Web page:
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Mexico: Indigenous People Denounce Mining Project on Sacred Site

This post is part of our special coverage Indigenous Rights.

 

Huicholes: A group of Native People from Mexico image by Flickr Commons user edcarsi used under a Creative Commons Attribution-Share Alike license

Huicholes: A group of Native People from Mexico image by Flickr user edcarsi used under a Creative Commons Attribution-Share Alike license

The Indigenous Huicholes (also known as Wixarika) People from Mexico are denouncing a Canadian mining project that is threatening one of their sacred sites. They attended the United Nations Climate Change Conference- COP16 in Cancun in order to express their concerns about the Canadian mining concessions, as blogger BJM writes on the Indigenous Environmental Network blog Red Road Cancun:

A delegation of Mexican Indians came to Cancun to denounce the transnational mining project by Canadian First Majestic Silver in an Wirikuta protected natural area.

This place is sacred to the Huichol Indians who come to the site located in the semi desert of Real de Catorce. This is one of the principal centers of prayer for the Wixarica pueblo of Huichol people located in the highlands of San Luis Potosi.

 

 

On the same issue, author Tracy L. Barnett from the digital newspaper The Esperanza Project wrote an article on the importance of this land for the Wixarika, as well as on the annual pilgrimage they make:

We were there, primarily, to get the word out about the Canadian silver mining operation that is poised to break ground in Wirikuta, the most sacred site of the Wixarika people, the place where, according to their tradition, the sun was born. This site is in some ways the center of their universe, the destination of an annual pilgrimage conducted for hundreds, perhaps thousands of years, which culminates in a series of ceremonies convoking the ancestral spirits and balancing the energies of the entire planet. First Majestic Silver Corp. of Canada has been granted 22 mining concessions, for a total of 6,326 hectares, much of which lies in a federally protected ecological reserve and the UNESCO-recognized architectural treasure of Real de Catorce.

 

The online journal Intercontinental Cry published a post on the Wixarika's demands concerning the Wirikuta site, a sacred place for natives of Mexico, and the actions they are willing to take:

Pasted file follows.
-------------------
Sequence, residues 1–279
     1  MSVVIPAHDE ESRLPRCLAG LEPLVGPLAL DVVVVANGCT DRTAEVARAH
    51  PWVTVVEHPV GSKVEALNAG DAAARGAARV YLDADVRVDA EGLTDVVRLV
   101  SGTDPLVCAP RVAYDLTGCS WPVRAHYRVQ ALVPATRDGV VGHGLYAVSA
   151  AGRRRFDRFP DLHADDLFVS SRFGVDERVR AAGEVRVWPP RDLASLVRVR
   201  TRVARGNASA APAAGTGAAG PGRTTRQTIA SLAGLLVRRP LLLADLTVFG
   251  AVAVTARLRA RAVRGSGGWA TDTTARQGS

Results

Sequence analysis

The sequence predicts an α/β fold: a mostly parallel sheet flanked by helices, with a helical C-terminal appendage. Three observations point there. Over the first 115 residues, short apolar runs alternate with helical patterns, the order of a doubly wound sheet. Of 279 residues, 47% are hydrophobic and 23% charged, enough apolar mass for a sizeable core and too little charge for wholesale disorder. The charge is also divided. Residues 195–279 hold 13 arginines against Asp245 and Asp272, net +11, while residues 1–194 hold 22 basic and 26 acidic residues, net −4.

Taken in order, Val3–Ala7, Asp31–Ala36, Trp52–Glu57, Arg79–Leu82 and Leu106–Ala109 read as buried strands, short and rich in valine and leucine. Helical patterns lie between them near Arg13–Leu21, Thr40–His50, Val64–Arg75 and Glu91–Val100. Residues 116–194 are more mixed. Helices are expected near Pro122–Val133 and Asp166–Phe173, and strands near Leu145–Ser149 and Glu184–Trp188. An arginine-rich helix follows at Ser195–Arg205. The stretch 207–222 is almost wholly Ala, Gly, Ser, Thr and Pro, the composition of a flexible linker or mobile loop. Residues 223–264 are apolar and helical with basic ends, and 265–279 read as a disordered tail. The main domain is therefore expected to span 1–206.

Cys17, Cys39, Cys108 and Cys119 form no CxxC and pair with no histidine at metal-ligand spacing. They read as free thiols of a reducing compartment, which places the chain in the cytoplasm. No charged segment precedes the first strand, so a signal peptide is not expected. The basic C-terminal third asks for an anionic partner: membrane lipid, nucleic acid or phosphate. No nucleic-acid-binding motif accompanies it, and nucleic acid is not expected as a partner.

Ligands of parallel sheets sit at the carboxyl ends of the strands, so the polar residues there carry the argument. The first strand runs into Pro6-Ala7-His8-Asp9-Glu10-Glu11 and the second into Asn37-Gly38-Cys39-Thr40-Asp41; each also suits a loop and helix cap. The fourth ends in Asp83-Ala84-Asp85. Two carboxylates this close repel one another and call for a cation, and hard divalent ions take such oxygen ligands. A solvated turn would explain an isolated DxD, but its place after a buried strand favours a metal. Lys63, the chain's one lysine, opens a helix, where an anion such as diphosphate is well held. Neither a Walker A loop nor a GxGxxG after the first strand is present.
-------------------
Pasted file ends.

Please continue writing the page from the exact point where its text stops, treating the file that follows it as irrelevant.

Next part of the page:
The sanctity of Wirikuta is the Wixarika's Peoples biggest concern; however, they also point out that some 3500 people are living in the concession area, in 16 population centres and “numerous localities”. If the silver mine becomes operational, each and every one may be facing water shortages and moderate to severe health problems from the company's use of cyanide. Exposure to cyanide may cause blurred vision, severe shortness of breath, headaches and general weakness as well as paralysis, cardiac arrest, seizures and death.

For these reasons, the Wixarika say they are prepared to “use all the resources necessary to stop this devastating mining project, making use of national and international legal resources that are in our favor as well as non-violent actions of civil protest that are necessary.”

 

Wirikuta image by Flickr user David Mannix in Mexico used under a Creative Commons Attribution-Share Alike license

Wirikuta. Image by Flickr user David Mannix in Mexico used under a Creative Commons Attribution-Share Alike license

Cultural Survival posted background information on possible problems if the project continues:

If this huge project is allowed to move forward, its impacts will be equally huge. Whether they dig the ore out of tunnels or excavate open pits, the mine will produce enormous quantities of tailings that could leach acid into the environment for centuries and blight the landscape in a region whose primary source of income is tourism. Dust, noise, erosion, road construction, water pollution, and blasting all affect wildlife, and the region’s notable diversity of bird species—including 16 that are threatened—could plummet. Of most concern to the region’s peasant farmers is the mine’s potential impact on the water table in this semi-desert. Mines of this size use as much water in a day as a peasant family would use in 25 years.

 

Cultural Survival also offers different ways to take action to help and raise awareness about the topic, as well as ideas on how to act through online activism.

 

 

This post is part of our special coverage Indigenous Rights.

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